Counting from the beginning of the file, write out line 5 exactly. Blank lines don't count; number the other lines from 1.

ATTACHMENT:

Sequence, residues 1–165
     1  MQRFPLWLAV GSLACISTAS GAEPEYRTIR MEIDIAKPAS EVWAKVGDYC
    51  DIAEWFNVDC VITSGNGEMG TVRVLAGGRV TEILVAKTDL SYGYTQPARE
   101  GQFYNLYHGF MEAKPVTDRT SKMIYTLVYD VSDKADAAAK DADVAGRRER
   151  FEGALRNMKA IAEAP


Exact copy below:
   151  FEGALRNMKA IAEAP